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Our new residents at Fulham Palace

By Sarah Nicholl-Carne, volunteer beekeeper

Today we welcomed a new colony of bees into the Palace apiary. During the winter we lost one of our colonies; it had too few bees to keep themselves warm during the coldest part of January, and they died.

Our existing hive is doing exceptionally well, but it is good to have more than one.

On Sunday morning, the bees arrived by car (no, they weren’t driving themselves) and were ushered down to the walled garden. We beekeepers were ready with a new hive for them, and they were carefully transferred from their travelling box into their permanent home.

A beekeeper applies a blue dot of paint to the queen bee's back to mark her

The most important job was to find the new queen and mark her to make finding her in future a much easier business. Because she was hatched this year, we marked her with a blue spot on the back of her abdomen. Blue indicates 2020.

Queens have a maximum life expectancy of 4 years, and it is very helpful for beekeepers to know the age of the queen. (After about two and a half years, she will become much less productive, and we would generally replace her then.)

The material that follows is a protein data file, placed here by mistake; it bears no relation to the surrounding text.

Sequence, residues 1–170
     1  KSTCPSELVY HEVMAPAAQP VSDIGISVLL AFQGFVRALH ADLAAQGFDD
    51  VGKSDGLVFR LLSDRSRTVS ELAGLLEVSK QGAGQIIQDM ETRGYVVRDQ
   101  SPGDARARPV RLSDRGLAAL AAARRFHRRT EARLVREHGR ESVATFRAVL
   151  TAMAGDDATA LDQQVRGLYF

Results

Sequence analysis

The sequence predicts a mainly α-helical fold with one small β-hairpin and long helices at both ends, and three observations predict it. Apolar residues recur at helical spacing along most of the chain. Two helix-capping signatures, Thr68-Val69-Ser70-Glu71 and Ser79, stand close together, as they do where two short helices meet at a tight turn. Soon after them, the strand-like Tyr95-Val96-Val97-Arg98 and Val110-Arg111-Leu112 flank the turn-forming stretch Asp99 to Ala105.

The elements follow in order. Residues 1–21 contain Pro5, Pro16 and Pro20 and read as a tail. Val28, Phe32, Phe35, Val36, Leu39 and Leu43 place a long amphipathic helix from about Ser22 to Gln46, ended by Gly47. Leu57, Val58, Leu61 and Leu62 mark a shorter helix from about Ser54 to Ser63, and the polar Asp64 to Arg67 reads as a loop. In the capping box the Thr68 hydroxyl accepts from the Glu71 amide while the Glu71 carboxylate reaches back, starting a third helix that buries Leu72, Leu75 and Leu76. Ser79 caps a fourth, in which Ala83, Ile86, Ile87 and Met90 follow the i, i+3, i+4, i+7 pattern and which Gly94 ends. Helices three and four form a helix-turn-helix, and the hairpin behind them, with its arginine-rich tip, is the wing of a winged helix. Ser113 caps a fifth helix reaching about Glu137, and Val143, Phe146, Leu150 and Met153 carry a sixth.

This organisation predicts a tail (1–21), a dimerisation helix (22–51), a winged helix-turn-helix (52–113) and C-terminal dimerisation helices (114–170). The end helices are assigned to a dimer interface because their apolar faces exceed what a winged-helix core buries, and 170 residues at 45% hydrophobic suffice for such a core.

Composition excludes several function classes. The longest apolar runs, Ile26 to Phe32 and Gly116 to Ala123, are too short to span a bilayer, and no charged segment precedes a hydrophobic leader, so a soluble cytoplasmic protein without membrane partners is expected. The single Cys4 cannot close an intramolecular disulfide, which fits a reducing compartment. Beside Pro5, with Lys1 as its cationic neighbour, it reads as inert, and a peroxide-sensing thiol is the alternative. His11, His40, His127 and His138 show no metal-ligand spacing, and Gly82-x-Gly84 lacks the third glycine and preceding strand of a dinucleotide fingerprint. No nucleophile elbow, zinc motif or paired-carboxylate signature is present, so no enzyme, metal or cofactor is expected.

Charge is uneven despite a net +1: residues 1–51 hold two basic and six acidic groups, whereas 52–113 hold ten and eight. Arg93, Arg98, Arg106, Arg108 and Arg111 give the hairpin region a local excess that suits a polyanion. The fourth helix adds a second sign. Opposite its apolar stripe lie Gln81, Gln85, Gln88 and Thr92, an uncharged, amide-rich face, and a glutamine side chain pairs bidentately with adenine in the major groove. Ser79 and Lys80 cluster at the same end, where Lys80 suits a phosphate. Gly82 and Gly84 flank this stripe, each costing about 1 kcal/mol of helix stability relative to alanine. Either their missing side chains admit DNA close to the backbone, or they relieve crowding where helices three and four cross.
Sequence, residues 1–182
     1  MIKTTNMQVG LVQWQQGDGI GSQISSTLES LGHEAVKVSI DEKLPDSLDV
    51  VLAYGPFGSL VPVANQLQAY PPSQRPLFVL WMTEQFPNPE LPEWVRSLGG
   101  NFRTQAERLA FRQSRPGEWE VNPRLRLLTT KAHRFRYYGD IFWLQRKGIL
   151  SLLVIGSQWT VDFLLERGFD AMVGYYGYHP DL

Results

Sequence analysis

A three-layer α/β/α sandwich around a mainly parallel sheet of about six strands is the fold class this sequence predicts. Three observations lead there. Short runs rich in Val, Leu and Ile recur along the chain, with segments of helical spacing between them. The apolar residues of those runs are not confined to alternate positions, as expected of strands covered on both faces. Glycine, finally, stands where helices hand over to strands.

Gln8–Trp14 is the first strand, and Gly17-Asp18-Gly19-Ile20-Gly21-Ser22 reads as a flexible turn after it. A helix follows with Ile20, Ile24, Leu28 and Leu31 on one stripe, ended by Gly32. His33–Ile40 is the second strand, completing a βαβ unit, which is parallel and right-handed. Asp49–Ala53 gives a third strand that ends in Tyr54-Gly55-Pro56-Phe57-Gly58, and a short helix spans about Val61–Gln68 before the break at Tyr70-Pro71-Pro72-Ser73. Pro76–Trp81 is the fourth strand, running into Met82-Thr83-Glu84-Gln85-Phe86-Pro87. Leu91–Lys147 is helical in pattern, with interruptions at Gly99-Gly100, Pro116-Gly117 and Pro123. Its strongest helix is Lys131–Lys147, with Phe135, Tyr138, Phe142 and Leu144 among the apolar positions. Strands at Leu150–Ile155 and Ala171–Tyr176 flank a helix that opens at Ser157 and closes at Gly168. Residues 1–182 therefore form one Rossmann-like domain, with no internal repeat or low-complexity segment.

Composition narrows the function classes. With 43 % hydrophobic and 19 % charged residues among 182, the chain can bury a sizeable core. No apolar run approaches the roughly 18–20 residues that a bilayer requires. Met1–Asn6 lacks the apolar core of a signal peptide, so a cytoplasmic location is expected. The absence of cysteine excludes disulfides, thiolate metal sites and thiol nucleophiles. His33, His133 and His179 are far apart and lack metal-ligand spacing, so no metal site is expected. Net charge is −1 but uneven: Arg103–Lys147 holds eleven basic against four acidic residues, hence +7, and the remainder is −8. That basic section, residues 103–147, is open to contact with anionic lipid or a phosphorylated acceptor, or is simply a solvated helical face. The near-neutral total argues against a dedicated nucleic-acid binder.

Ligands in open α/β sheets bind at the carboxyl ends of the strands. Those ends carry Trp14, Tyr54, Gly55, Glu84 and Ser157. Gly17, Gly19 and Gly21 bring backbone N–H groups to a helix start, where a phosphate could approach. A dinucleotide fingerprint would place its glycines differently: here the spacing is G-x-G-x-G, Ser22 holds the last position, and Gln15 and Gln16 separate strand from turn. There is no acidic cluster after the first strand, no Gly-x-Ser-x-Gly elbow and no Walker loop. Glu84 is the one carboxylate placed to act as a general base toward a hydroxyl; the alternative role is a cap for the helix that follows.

There is a standard system for marking queen bees, which works over a 5 year period, with a different colour for each year.

Year 1 : White
Year 2 : Yellow
Year 3 : Red
Year 4 : Green
Year 5: Blue

The mnemonic to remember the sequence: Will You Raise Good Bees?

A green container full of bees which reads LIVE BEES KEEP VENTILATED HANDLE WITH CARE

Successfully marked, she was put back with her travelling companions in their new hive and left with a feeder full of a thick sugar solution (ordinary granulated sugar and water) to help the worker bees build up the new frames, ready for the queen to lay eggs.

The beekeepers have been allowed into the Palace grounds once a week during lockdown, as the bees count as livestock and have to be looked after.

Will there be lots of Fulham Palace’s wonderful honey this year? We will harvest it in August, as usual, and until then, we just don’t know. As with everything else at the moment, we will have to wait and see.